Who really was Duncan Campbell Scott? How could he be a celebrated poet and, at the same time, be the engineer behind Canada's notorious residential school system? That's the baffling contradiction and mystery at the heart of Mark Abley's new biography Conversations With a Dead Man: The Legacy of Duncan Campbell Scott.
In The New Oxford Book of Canadian Verse, edited by Margaret Atwood in 1982, Duncan Campbell Scott merits a generous eleven pages. His lyric poetry, often about indigenous people, helped earn him two Honourary Doctorates. The English poet John Masefield said that reading one of Scott's poems "set me on fire" and inspired Masefield to write poetry himself. Upon Duncan Campbell Scott's death, Saturday Night Magazine featured a homage entitled "Great Poet, Great Man".
Duncan Campbell Scott was also the overseer of one of the most brutal, repressive, and oppressive policies ever mounted against Aboriginal people in Canada: systemic assimilation through residential schools. It was a system of shameful cruelty and privation. And it was Duncan Campbell Scott, as a high-level Indian Affairs bureaucrat, who made attendance in those schools mandatory.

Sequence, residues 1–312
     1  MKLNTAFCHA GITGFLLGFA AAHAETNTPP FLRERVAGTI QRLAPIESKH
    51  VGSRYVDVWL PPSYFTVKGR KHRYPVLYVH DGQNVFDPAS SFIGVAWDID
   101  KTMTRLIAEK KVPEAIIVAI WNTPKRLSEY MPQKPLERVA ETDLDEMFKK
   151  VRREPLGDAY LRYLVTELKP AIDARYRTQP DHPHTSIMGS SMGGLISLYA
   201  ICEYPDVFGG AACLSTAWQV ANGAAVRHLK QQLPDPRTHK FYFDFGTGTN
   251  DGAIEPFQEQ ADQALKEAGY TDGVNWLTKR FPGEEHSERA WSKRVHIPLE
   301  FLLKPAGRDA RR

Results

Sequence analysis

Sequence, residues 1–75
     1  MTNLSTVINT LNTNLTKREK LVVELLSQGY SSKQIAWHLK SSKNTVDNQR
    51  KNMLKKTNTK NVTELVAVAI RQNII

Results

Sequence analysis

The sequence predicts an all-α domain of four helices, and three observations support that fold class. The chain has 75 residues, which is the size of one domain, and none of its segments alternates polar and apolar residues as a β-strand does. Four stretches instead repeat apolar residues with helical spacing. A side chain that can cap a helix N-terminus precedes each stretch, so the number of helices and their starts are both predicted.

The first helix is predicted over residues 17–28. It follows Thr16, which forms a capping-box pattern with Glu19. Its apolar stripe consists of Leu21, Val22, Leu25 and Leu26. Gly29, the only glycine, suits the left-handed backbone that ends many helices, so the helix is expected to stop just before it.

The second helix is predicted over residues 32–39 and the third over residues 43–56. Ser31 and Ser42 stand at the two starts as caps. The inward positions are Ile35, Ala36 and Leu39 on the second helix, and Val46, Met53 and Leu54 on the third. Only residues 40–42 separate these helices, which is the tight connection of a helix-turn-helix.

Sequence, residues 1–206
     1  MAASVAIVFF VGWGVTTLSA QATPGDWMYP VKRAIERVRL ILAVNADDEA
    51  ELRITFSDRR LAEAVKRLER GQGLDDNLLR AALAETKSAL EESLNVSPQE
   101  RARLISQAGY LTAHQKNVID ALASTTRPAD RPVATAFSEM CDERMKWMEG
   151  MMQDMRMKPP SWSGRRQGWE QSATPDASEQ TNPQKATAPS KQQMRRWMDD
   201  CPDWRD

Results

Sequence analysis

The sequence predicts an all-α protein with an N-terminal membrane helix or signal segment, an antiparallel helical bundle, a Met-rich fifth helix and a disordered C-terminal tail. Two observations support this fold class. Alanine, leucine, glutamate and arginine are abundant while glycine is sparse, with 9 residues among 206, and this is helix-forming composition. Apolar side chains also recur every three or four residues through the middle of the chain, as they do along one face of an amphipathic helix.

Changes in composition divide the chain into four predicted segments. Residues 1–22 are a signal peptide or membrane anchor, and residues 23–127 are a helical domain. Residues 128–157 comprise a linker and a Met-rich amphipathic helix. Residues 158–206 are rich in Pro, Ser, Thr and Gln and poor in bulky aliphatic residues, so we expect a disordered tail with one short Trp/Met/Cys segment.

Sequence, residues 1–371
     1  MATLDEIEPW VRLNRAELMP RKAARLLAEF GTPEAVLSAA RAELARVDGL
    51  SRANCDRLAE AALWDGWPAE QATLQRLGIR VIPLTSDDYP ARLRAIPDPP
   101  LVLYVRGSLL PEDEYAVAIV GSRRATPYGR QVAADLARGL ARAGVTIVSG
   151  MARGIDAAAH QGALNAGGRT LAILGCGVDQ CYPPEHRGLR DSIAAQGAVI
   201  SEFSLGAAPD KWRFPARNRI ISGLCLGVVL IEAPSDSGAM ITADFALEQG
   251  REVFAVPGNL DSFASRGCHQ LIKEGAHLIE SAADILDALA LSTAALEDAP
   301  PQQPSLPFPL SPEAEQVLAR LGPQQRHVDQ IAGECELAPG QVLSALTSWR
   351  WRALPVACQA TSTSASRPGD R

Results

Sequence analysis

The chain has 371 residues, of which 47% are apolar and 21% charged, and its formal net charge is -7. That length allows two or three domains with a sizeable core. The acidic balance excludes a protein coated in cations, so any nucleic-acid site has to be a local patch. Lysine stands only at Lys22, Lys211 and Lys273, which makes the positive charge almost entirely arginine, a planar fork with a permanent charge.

In his engaging new biography, the Montreal poet and non-fiction writer Mark Abley points to a central paradox in Scott's life: "While doing his utmost to enforce government control over indigenous people, Scott placed them at the centre of his most vibrant writing". Duncan Campbell Scott died in 1947, so Mark Abley wasn't able to speak with the real, living man. Instead, Abley imagines a series of conversations between himself and Scott's ghost, and those conversations are at the heart of his book Conversations With a Dead Man: The Legacy of Duncan Campbell Scott.
Shelagh recently spoke with Mark Abley about that book. We hope you enjoy this extended version of their conversation.